We discussed some of the most serious consequences of football earlier this week. As we go into Super Bowl weekend, it's clear that the dangers and risks of this game are on people's minds; from the players' to the president's. Alabamans are likely aware that one of the biggest topics of discussion was how the game could change if there were more rules put in place to better maintain the safety of the players. Several footballers attending this Sunday's game explained their views.
The comments that President Obama made were certainly geared toward being more focused on the risks and damage of brain injuries. He explained while the game may end up being very different, the changes are necessary for the safety and future of football players. A defensive back for one of the teams playing Sunday appeared to have agreed with the president, saying that he foresees the game in 30 years having lost much of its popularity, either due to safety regulations or having lost a player on the field.
It's these kinds of statements that many are relating to and feeling the weight of as they are coming straight from the players' mouths. The previous footballers that are suing the NFL have alleged that the league was aware of potential consequences of brain injuries and did not inform their players. As the medical community continues to learn about the possible lasting effects of traumatic brain injuries, the NFL is dealing with the legal ramifications of those effects right now. The defensive back mentioned above was even reported to have said he hoped for something better than football for his now 3-year-old son.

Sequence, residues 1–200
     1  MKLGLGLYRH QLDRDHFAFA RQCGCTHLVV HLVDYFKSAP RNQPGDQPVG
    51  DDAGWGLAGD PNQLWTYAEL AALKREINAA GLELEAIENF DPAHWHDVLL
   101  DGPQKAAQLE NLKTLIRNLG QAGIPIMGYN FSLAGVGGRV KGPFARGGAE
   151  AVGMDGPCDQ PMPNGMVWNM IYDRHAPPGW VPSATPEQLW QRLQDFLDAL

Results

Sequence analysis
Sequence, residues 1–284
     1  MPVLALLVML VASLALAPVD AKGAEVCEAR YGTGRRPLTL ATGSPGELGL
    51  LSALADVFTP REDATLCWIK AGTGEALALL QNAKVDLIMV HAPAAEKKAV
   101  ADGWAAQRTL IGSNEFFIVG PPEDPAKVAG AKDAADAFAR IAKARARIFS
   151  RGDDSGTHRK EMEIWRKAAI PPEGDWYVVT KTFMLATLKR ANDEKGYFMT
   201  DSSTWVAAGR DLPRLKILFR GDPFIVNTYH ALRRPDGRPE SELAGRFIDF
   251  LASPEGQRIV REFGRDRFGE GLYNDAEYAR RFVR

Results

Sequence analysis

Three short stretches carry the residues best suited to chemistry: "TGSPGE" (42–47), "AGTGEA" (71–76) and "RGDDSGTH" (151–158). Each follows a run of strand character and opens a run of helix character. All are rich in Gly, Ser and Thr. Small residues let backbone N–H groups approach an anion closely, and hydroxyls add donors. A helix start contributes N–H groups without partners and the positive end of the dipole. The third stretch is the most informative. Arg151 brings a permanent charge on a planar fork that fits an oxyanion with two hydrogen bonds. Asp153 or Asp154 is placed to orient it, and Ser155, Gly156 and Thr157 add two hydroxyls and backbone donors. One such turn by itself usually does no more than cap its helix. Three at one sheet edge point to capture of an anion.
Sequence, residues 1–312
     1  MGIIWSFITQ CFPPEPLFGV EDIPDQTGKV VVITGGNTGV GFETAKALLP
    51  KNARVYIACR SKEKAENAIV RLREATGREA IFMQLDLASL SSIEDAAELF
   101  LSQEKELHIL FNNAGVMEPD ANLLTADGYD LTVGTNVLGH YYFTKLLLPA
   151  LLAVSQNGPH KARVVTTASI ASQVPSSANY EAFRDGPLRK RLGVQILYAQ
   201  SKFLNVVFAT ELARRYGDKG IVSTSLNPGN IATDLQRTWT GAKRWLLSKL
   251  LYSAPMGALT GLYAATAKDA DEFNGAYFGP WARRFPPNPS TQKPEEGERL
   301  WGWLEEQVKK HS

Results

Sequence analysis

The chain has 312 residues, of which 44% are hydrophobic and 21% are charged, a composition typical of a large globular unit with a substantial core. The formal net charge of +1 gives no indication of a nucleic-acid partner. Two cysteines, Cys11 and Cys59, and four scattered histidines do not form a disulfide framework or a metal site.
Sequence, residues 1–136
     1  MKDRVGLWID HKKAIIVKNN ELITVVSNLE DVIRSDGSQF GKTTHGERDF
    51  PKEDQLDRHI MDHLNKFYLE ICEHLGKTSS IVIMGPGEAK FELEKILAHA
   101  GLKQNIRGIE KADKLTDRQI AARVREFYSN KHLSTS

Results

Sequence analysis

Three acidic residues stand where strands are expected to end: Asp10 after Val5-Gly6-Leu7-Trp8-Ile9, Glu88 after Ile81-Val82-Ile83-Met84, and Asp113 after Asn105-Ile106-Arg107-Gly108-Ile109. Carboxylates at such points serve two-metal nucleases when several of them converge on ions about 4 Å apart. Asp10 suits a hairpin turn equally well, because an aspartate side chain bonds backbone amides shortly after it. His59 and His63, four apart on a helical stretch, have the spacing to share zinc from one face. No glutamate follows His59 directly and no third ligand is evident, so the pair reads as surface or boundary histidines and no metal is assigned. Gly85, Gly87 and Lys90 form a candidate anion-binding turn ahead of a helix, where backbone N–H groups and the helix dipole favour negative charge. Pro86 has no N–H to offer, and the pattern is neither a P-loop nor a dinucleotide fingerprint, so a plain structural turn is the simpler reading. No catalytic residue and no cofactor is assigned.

The lawsuit against the NFL has upwards of 4,000 former players involved in this suit, which is reported to be continued on April 9 for the judge to hear the NFL's move to dismiss. Whatever happens with the coming proceedings, the football players who have had to deal with severe brain trauma could continue to do so for the rest of their lives in some cases. An injury such as that can be reason enough for any Alabama family, football or not, to look into the possibility of a personal injury case.
Source: The New York Times, "At Media Day, Spotlight on Head Injuries Grows," Benjamin Hoffman, Jan. 29 2013